The last paragraph courtesy livescience - > *Here is an interesting article to aid your knowledge about this place and also breaks the myth created by the media*

Lake Retba Senegal - Image Credit

Promise you can take a dip or atleast float in this one. The Lake Retba also called the pink lake of Senegal or lac Rose, is pink due to Dunaliella salina algae, and is high on salt content, just like the dead sea of Jordan.  The lake is about 18 miles from the capital Dakar. Unlike Natron, which has no one to care about, here about 3000 salt miners extract the salts from the lake and sell it in the entire region. All I can say is. good way to save the wonder of the world.

5 - The river of Five colors : Caño Cristales, Columbia

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And that bring us to final place in the list today. This is the most beautiful river in the world.
well, you can see for yourself.

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Caño Cristales is a Colombian river located in the Serrania de la Macarena, province of Meta.
Approximately 100km long and 20 meters wide, the river that run to the east, flowing into the Guayabero river, is mostly famous as “The river of five colors,”  or “the liquid rainbow” due to its vibrant colors such as yellow, green, blue, black, and red, which is due to Macarenia clavigera, a unique species of river plant, at the bottom of the river which gives it its unique appearance and shades of brilliant pink and red.

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Though this happens only during for a special period of a few weeks from September through to November when the temperature is just about right. during this period,  the water level drops enough for the sun to warm the moss and algae on the river's bottom, and this warmth leads to an explosive growth of blooms. It is offset by splotches of yellow and green sand, blue water, and a thousand shades in between.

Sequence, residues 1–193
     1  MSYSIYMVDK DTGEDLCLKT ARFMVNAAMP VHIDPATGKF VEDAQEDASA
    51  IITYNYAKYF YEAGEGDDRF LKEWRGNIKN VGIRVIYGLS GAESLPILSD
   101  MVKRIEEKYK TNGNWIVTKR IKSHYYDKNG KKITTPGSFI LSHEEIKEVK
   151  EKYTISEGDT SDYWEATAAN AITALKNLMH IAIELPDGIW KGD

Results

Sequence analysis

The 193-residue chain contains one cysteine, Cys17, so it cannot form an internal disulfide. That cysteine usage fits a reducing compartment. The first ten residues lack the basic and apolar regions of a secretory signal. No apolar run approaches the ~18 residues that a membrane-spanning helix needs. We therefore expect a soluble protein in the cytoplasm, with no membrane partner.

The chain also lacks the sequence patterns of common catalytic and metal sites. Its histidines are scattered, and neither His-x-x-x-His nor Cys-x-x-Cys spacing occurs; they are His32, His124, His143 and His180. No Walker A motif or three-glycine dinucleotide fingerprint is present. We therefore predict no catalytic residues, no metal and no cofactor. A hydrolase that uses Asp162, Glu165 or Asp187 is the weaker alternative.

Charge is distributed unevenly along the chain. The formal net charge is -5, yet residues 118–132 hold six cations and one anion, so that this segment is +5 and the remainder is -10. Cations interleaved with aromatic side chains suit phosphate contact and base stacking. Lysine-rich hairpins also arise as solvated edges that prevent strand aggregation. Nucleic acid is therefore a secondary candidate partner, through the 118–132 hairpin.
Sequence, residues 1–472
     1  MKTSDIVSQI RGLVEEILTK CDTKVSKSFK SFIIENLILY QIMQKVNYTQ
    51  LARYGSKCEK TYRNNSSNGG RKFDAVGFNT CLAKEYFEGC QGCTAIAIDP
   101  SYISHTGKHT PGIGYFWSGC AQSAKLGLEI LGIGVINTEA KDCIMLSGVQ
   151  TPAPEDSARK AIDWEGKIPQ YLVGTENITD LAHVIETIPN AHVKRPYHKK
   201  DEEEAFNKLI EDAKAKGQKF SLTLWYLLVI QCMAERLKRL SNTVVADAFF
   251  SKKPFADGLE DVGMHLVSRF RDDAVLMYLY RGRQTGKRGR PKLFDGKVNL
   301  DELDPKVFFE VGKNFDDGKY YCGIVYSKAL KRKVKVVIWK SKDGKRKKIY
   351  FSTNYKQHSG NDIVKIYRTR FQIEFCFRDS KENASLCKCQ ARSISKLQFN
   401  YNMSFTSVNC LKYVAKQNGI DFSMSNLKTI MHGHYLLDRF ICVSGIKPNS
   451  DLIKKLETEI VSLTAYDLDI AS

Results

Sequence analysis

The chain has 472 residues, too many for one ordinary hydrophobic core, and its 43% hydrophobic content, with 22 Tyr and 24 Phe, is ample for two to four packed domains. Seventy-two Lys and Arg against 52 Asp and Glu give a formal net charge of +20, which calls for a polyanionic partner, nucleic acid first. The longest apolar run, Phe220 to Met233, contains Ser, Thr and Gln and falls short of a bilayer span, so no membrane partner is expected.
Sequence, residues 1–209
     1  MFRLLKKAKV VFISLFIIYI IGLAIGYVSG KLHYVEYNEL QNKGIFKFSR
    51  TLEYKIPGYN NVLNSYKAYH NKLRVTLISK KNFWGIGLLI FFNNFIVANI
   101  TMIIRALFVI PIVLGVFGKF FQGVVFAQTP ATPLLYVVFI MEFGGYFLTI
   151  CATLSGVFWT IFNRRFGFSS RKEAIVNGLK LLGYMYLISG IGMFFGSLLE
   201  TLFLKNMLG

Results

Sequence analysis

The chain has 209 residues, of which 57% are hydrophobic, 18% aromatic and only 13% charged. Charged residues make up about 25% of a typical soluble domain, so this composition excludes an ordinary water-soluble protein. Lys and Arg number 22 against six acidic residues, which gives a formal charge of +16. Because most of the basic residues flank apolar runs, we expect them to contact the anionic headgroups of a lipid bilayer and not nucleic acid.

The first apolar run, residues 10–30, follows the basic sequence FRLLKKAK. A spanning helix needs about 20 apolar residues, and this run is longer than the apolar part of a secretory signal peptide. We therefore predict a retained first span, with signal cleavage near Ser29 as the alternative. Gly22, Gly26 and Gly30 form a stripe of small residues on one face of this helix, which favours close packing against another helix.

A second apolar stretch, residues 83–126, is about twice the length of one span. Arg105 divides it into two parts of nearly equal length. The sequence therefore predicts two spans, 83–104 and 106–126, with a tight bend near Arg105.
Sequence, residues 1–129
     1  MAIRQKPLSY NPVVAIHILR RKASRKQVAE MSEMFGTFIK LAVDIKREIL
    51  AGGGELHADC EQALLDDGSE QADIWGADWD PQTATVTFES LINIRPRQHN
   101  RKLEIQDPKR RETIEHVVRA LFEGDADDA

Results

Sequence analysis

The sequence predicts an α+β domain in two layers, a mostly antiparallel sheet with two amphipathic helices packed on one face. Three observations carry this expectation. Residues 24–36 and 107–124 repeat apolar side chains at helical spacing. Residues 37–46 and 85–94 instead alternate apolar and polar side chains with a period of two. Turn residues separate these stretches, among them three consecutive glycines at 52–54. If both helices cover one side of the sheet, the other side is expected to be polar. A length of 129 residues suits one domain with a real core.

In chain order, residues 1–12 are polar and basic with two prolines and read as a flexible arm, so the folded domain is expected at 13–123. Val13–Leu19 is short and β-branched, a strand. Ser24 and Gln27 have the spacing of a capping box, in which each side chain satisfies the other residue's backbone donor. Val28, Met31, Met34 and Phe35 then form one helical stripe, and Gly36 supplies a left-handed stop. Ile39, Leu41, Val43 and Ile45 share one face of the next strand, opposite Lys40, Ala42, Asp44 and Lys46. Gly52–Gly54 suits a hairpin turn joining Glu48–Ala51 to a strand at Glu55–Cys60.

Traveling to the river is not easy as one must fly to the small town of La Macarena and trek through unmarked trails into the national park from there. But that is not tough enough to stop me or is it?

Now you know where I'd be this october... ;)

Hope you enjoyed and were inspired by this installment of "I would rather be here now"  I had a blast writing and researching them and honestly I cant wait to visit these locations myself.

See you on the trail.
Until next time.

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  1. yeah lots of day dreaming happening now.

    1. Ha ha.. That header image is a daydreaming resultant as well... So nothing new.
      But this post is not about day dreaming its about discovering new places,
      If you never know, you never plan.

      But Let me tell you, A "no dreams night", and Day Dreaming is really good for health. ;)

  2. i agree. actually i am half asleep. that was meant for me. :-)